“[Hurricane] Charley was the second major hurricane of the 2004 Atlantic hurricane season and the most powerful storm to strike Southwest Florida since 1960. The Category Four hurricane made landfall on Lee County’s North Captiva Island, with maximum winds near 150 miles per hour. North Captiva Island was severed into two parts when the right eye-wall of Charley passed over the island.”i Charley is currently ranked as one of the top ten costliest hurricanes in U.S. history, responsible for an estimated $15 billion in property damage.ii
Long-Term Recovery Committeeiii
Soon after the 2004 Charley, Frances, and Jeanne hurricanes, the Lee County Long-Term Recovery Committee (LTRC) was formed with the assistance of the World Church Organization and the Federal Emergency Management Agency (FEMA). The LTRC is coordinated by the Lee County Department of Human Services (DHS) and consists primarily of representatives from Lee County social service agencies and faith-based organizations. DHS manages government funding while the local United Way serves as the fiscal agent for LTRC funds received that need to be handled by a 501(c)(3) organization. Following the closure of a specific disaster, the LTRC does not disband, but maintains a standing structure and communication in preparation for future disaster recovery.
The Executive Committee is composed of the fourteen founding organizations of the LTRC, including the Lee County Department of Human Services (Chair), United Way (Co-Chair), The Salvation Army (TSA), American Red Cross (ARC), Lee County EOC, First United Methodist Church, Goodwill Industries, Church World Service, Area Agency on Aging (AAA), Christian Reformed World Relief Committee (CRWRC), Project Hope, Workforce Development Board, FEMA, State Emergency Response Team (SERT), and Harry Chapin Food Bank. The Executive Committee sets policy and priorities and resolves unmet needs cases.
The LTRC Coordinator assigns staff to local disaster recovery centers; supports a coordinated response of all agencies; schedules meetings of the LTRC; identifies funding sources for case managers; coordinates training of case managers; works with a GIS Coordinator to target areas that have the most needs; deploys volunteer assessment teams; receives information from ARC, SERT, FEMA, TSA, and AAA for long-term case management and data entry; and works closely with SERT and FEMA for temporary housing.
The GIS Coordinator creates maps to identify areas most in need after a disaster; identifies STRAP numbers (parcel identifier) and homeowners in devastated areas; and assists with identification of available land and trailer sites.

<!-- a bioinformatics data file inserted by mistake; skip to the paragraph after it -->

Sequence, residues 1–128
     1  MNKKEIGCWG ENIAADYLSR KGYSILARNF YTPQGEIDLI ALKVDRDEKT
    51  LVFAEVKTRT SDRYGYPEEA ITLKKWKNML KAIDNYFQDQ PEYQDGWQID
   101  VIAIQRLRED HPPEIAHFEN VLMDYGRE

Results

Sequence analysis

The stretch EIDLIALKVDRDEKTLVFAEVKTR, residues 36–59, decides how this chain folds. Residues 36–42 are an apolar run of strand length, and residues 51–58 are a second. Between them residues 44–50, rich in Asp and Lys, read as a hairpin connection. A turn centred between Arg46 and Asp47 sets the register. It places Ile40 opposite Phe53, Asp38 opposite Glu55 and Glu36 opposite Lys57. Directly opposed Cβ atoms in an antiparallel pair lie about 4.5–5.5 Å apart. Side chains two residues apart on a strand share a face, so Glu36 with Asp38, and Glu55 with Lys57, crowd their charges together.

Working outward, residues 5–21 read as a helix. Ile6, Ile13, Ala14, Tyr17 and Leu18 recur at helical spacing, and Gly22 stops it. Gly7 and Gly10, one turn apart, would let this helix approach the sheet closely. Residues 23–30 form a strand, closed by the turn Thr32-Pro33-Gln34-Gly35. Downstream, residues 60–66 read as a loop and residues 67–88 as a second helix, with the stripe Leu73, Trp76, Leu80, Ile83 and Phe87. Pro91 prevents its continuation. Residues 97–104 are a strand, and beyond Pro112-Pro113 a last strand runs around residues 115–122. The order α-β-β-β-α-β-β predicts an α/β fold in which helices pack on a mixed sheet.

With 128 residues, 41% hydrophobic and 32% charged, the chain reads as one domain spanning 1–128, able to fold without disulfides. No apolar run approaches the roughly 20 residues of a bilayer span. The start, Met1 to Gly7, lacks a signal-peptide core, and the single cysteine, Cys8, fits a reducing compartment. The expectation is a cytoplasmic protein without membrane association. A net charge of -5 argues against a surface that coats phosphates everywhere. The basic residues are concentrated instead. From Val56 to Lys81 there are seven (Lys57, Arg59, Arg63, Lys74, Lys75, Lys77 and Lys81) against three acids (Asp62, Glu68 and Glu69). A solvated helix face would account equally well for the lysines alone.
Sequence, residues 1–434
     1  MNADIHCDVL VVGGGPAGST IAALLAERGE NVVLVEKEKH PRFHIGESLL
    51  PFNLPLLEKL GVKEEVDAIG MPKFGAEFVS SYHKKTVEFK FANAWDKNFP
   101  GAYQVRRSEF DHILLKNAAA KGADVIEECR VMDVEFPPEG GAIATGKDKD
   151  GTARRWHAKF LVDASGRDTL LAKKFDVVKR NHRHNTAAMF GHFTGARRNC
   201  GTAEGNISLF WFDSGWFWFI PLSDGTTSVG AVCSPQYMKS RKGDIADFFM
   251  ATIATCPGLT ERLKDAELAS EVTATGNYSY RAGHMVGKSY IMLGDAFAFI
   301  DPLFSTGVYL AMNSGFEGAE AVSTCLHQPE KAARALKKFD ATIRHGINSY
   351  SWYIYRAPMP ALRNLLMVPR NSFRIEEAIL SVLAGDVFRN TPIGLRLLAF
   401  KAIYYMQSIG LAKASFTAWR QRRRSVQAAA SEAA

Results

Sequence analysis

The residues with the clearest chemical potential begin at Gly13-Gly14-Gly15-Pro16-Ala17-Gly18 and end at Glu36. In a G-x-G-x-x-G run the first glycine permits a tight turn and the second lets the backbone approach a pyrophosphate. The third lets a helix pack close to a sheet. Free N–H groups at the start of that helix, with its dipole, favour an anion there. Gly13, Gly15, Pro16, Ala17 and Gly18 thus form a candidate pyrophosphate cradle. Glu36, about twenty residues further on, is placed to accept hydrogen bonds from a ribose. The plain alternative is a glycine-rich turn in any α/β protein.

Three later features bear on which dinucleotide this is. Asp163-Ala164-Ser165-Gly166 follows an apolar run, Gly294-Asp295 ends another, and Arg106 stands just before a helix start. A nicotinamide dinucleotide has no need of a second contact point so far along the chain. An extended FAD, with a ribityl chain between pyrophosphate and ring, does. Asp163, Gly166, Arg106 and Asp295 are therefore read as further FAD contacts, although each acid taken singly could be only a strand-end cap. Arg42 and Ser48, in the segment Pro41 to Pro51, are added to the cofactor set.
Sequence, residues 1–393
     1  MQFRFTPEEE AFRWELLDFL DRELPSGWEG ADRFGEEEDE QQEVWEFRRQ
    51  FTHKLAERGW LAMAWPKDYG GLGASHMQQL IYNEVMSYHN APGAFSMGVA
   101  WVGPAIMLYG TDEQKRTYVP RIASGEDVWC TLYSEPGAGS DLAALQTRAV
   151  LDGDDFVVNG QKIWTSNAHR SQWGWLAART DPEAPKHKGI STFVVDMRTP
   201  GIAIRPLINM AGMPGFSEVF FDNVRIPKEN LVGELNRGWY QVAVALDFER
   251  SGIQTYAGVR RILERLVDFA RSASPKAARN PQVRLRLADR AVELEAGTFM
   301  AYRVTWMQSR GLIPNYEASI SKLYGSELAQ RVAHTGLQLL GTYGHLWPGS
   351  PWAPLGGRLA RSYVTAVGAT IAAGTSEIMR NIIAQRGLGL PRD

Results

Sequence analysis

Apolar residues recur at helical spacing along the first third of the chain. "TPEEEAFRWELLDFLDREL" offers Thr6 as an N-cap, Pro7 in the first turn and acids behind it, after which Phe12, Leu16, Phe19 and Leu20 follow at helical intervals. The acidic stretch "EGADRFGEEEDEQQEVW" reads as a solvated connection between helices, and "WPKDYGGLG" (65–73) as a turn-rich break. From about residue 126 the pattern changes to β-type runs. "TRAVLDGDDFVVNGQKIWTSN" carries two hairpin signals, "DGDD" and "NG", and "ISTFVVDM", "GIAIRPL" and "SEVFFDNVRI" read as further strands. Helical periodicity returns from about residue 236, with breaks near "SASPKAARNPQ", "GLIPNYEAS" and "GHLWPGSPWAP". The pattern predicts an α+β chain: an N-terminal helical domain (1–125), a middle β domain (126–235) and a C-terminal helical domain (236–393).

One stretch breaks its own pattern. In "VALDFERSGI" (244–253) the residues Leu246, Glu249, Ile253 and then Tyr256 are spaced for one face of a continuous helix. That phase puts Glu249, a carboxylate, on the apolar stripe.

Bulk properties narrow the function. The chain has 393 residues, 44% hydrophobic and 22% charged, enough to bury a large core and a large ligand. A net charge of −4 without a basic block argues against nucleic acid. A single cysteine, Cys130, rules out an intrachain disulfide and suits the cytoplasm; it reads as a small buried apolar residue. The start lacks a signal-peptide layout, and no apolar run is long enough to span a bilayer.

Lee County LTRC Fast Facts
Mission Statement: To expedite the recovery of disaster survivors effectively utilizing available Federal, State, and Local resources and advocate for the community needs in recovery.
Partners: Representatives from private, non-governmental, government, business, non-profit agencies, community based, and faith-based organizations.
Active: Formed in 2004; maintains an ongoing structure and communication, and operationalizes as needed.
The Housing Department replaces or repairs housing as needed and transitions applicants from temporary to permanent housing.
Case Managers interview survivors; develop a plan for recovery; present unmet needs cases to the LTRC; and work with survivors to transition from temporary to permanent housing.
Following the hurricanes in 2004, the LTRC coordinated with the Christian Reformed World Relief Committee to conduct door-to-door needs assessments in neighborhoods that were identified as still not completely recovered. The CRWRC also set up several stations throughout the County where residents could submit requests for assistance. The CRWRC trained additional local volunteers in the community to assist with assessments once the original team departed.
Volunteers were provided accommodations in three houses that were acquired by DHS for the supportive housing program to be rehabilitated and sold to low-income residents with disabilities. The CRWRC sent skilled volunteer labor to complete the rehabilitation on the housing, readying them for sale once they were no longer needed for volunteer housing. Habitat for Humanity and the Salvation Army provided furniture, appliances, linens, dishes, and other items for the volunteers.
The LTRC used CRWRC software to track survivors that were assisted. The LTRC transitioned cases from the American Red Cross, SERT, and FEMA, and entered them into their database, which allowed them to see what assistance was given to each client, and what unmet needs still existed.
The LTRC also operationalized following Hurricane Katrina to assist displaced individuals arriving in the county, coordinating with the American Red Cross to connect the 280 families with local resources, job placement, and housing.
SeeLee County’s “Long-Term Disaster Recovery Guidelines” for more in-depth information on the LTRC and sample forms (e.g. LTRC Intake Form p.60; Disaster Recovery Case Management Organization p.68, Long-Term Recovery Committee Initial Assessment p.71, Long-Term Recovery Committee Homeowner’s Assessment p.81, Unmet Needs Worksheet p. 85)
i Carolyn A. Dehring and Martin Halek, "Do Coastal Building Codes Make Stronger Houses?," Regulation 37, no. 2 (Summer2014): 43.
ii Richard J. Pasch, Daniel P. Brown, and Eric S. Blake, “Tropical Cyclone Report: Hurricane Charley,” National Hurricane Center (18 October 2004; Revised 15 September 2011).
iii Lee County Department of Human Services LTRC, “Long-Term Disaster Recovery Guidelines,” (2007), http://www.faca.org/upload/pdf_forms/Lee_County_LTRC_Guidelines_2007.pdf